Gov. Sam Brownback’s office announced it would unveil a tax plan Friday evening to close the state’s $400 million budget hole, but a half-hour later announced it wasn’t unveiling the plan just yet.
The canceled news conference was the capper to a long day in Topeka – the 99th of the legislative session – which saw the Kansas Senate erupt in conflict as lawmakers feuded over tax policy and accused each other of trying to circumvent the democratic process.
Brownback’s spokeswoman said the governor would instead meet with legislative leaders Friday evening before unveiling the plan this weekend.
The Kansas House inched forward toward a fix, passing a bill, SB 270, that will raise an estimated $30 million in revenue. The bill – which passed 64-54 without any debate – will grant amnesty to people who owe back taxes in hopes of bringing revenue.
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That won’t go very far toward filling the state’s $400 million shortfall on its own, but it would enable House and Senate negotiators to go into a conference committee now and work toward a final plan.
But that plan almost backfired on Republican leaders when the Senate’s top Democrat made a motion to send the bill straight to the governor’s desk.
Senate Minority Leader Anthony Hensley, D-Topeka, a history teacher, argued that handing the power to craft tax policy to a six-member conference committee would transform the state from a representative democracy into an oligarchy. Hensley’s motion found support among frustrated conservatives in the Senate, who overwhelmingly voted down a tax bill earlier this week.
“You put this bill in committee … every one of those amendments we fought over two or three days ago are going to show up again and you’re not going to have a voice,” said Sen. Greg Smith, R-Overland Park.
Before voting on Hensley’s motion, the Senate adjourned until the evening so that Republicans could hash out their differences in an emotional caucus meeting.
Sen. Les Donovan, R-Wichita, the Senate Taxation chair, made his frustration clear.
“Nobody has an idea of what the heck they want to do this year,” he said, offering to resign his chairmanship.
Senate Vice President Jeff King, R-Independence, tried to calm tempers.
“We’re on day 99. Tensions are high. Tempers are short,” he said. The session is normally scheduled for 90 days.
Republicans have been divided on whether to include income tax increases as part of a fix to the state’s $400 million deficit or to rely solely on sales and other consumption taxes to fill the hole. Others say that budget cuts need to be part of the equation before they can consider tax increases.
“Where are the cuts?” asked Sen. Steve Fitzgerald, R-Leavenworth. “We all ran on less government spending, lower government taxes. Well, we didn’t do the first part.”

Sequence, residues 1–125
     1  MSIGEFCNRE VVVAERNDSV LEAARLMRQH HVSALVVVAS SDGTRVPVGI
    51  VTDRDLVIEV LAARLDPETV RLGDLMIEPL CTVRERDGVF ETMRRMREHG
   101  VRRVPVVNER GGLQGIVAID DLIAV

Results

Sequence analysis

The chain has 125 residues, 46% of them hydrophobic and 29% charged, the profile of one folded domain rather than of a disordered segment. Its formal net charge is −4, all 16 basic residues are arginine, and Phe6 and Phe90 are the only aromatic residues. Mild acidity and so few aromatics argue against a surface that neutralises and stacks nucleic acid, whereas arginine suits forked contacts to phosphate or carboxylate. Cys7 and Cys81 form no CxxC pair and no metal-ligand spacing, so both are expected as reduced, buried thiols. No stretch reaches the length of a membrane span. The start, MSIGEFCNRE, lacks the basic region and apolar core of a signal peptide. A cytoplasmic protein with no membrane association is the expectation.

Sen. Jeff Melcher, R-Leawood, blamed the situation on the governor, who he said had failed to lead on the issue.
Senate President Susan Wagle, R-Wichita, asked lawmakers what they needed to “stay on the team” and Senate leadership agreed to have a tax debate on Sunday before negotiators would agree to anything in the conference committee.
After the caucus, Hensley’s motion was voted down 11-28.
The uproar in the Senate was markedly different from the House, where there was no resistance from any faction against leadership’s push to put tax policy in the hands of the conference committee of four Republicans and two Democrats.
Before the final House vote were near-unanimous votes to gut most of the contents of SB 270 – a bill that relied mainly on consumption taxes to fill the state’s revenue hole – and leave a tax amnesty piece and a few popular provisions unrelated to tax policy.
Only a few faint voices objected to the amendment and to a subsequent motion to close on the bill without any debate.
“I would say it was an act of legislative cowardice,” said Rep. John Carmichael, D-Wichita, one of the only lawmakers to oppose the motions. “It was an example of legislators avoiding their responsibility.”
“Our constituents will never know where legislators really stand on these issues unless we debate these issues on the House floor in public,” Carmichael continued. “And what took place here today is an attempt, sadly I fear on the part of both parties, to obfuscate the issues so the electorate doesn’t really know who voted for what, when and where.”
House Minority Leader Tom Burroughs, D-Kansas City, defended his decision to help GOP leaders avoid debate, arguing that lawmakers were putting policy ahead of politics.
“We may not always like the process, but at least we’re finally making progress,” he said in a statement.
Rep. Marvin Kleeb, R-Overland Park, the House Tax chairman, however, said that the procedure will allow lawmakers to make progress toward a final solution to the budget woes sooner and ensure the state avoids the consequences of not passing a budget fix before June, such as furloughs for state workers.
He argued that a lengthy debate during which lawmakers from across the political spectrum brought a host of amendments would not be productive.
“Specifically when it comes to tax policy, it really isn’t the sort of discussion that you should have out on the floor, putting all the pieces together, especially with this type of money that needs be done,” Kleeb said. “Every amendment will affect the bottom line. … That would just be a cumbersome process.”
Wagle said in the Senate GOP caucus meeting later in the day that House Speaker Ray Merrick, R-Stilwell, had told her that House members wanted to avoid multiple tough votes on tax policy.
That didn’t jibe with Melcher.
“I couldn’t care less about the House freshmen’s re-elections,” he replied. “That doesn’t have anything to do with crafting good legislation.”
Contributing: Dion Lefler of The Eagle